“In the star-studded world of the Latin American novel, Mario Vargas Llosa is a supernova.” —Raymond Sokolov, The Wall Street Journal
“Vargas Llosa speaks in his own voice, sees through his own eyes. His vision is unique. His genius is unmistakable.” —Eugenia Thornton, The Plain Dealer (Cleveland)
“The bold, dynamic and endlessly productive imagination of the Peruvian novelist Mario Vargas Llosa, one of the writing giants of our time, is something truly to be admired . . . As with any great writer, [he] makes us see clearly what we have been looking at all the while but never noticed.” —Alan Cheuse, San Francisco Chronicle
“Generous in friendship, unfailingly curious about the world at large, tireless in his quest to probe the nature of the human animal, [Vargas Llosa] is a model writer for our times.” —Marie Arana, The Washington Post
“[Vargas Llosa] is a worldly writer in the best sense of the word: intelligent, urbane, well-traveled, well-informed, cosmopolitan, free-thinking and free-speaking.” —Merle Rubin, Los Angeles Times
“Mario Vargas Llosa has long been a literary adventurer of the very first order . . . [He], I am convinced, can tell us stories about anything and make them dance to his inventive rhythms.” —Lisa Appignanesi, The Independent
Mario Vargas Llosa was awarded the Nobel Prize in Literature in 2010 “for his cartography of structures of power and his trenchant images of the individual’s resistance, revolt, and defeat.” Peru’s foremost writer, he has been awarded the Cervantes Prize, the Spanish-speaking world’s most distinguished literary honor, and the Jerusalem Prize. His many works include The Feast of the Goat, The Bad Girl, Aunt Julia and the Scriptwriter, The War of the End of the World, and The Storyteller. He lives in London.
Edith Grossman has translated the works of the Nobel laureates Mario Vargas Llosa and Gabriel García Márquez, among others. One of the most important translators of Latin American fiction, her version of Miguel de Cervantes’s Don Quixote is considered to be the finest translation of the Spanish masterpiece in the English language.
Not his best. I was expecting to love the historical subject, Roger Casement. The story felt hurried and thrown together. Read morePublished 12 days ago by L. Adams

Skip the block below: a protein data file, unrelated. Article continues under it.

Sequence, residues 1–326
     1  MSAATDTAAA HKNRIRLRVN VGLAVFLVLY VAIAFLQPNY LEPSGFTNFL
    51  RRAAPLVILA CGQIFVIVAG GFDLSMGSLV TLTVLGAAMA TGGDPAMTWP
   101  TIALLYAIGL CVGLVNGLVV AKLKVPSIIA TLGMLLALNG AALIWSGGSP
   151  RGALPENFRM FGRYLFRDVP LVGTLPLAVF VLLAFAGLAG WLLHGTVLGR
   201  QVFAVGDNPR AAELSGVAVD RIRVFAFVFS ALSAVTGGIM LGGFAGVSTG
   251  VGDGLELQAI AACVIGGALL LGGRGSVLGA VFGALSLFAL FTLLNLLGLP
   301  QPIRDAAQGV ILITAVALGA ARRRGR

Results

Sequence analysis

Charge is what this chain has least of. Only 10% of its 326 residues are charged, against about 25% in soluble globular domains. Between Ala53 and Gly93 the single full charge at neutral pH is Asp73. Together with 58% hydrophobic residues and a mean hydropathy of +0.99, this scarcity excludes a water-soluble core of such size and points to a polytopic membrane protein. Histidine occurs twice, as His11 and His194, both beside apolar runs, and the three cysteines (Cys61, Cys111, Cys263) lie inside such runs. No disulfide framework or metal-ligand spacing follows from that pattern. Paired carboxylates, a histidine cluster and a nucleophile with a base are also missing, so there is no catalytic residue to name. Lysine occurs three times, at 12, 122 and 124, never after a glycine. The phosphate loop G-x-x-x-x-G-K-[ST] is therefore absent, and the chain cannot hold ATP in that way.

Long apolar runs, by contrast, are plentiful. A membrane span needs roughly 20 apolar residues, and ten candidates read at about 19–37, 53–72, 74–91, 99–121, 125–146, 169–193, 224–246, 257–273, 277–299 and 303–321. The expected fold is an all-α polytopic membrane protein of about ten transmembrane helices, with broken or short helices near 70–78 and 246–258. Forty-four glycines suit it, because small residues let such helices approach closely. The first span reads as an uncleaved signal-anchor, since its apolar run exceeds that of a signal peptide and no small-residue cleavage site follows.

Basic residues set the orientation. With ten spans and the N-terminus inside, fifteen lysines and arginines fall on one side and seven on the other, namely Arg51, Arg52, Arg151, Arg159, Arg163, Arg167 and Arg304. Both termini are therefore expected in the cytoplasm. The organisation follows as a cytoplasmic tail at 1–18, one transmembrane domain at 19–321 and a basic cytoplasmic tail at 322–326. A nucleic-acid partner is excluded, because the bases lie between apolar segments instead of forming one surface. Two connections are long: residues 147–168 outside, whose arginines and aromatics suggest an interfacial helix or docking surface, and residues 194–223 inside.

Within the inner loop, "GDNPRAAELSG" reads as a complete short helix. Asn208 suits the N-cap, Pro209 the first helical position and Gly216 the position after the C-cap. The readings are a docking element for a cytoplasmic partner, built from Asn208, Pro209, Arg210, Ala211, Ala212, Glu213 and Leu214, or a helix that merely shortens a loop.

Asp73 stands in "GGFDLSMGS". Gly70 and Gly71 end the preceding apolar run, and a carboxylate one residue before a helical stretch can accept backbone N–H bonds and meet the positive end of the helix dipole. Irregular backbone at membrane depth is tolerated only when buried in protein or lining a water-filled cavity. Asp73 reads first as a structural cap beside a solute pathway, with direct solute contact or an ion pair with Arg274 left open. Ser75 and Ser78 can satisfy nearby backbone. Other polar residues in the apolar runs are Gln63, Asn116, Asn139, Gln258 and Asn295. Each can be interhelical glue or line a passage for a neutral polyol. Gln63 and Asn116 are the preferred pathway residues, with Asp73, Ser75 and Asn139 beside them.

Mario Vargas Llosa seems to have a thing about Celts. In his novel "The War at the End of the World", based on the 19th century revolt set in the Brazilian state of Bahia, one of... Read morePublished 25 days ago by John Fitzpatrick
the book is very good and very well explained in details. it's the story of an honest man who was ill treated due to political views, being a small nation, Irland could and will... Read morePublished 2 months ago by Al Nakadi Ghania Aref
WRITTEN AS IF WALKED IN THE SPIRITS OF THE HISTORY AND LANDSCAPE DESCRIBED. SEE THE BRAVE MEN SIDE STEP DEATH IN THE GPOPublished 3 months ago by Brian Murphy
Very interesting, sad, painful story about a remarkable man and well worth reading, but it was presented as a biography rather than as a novel, and there was not enough to sustain... Read morePublished 7 months ago by Jeffrey G. Stein
I forced myself to finish it.. Textbooky....not exciting...blah,blah blah...I wanted to see how it ended... bc of the history .don't botherPublished 7 months ago by Kbgreads!
I came to this novel with high hopes. Fabulous subject-matter, dramatic and engaging story, but I was not bowled over. The style is clunky ( is it the translation- I'm not sure? Read morePublished 9 months ago by Frances
Up front: huge fan of Llosa's fiction. Also, this story is a new one to me.. In that, if I knew more history I might think less of it (a lot of reviews seem to say this, when they... Read morePublished 9 months ago by BronxRev
The Dream of the Celt is a masterfully written piece that can barely be called a novel. I prefer to think of it as extrapolated history. Read morePublished 11 months ago by Molly Carpenter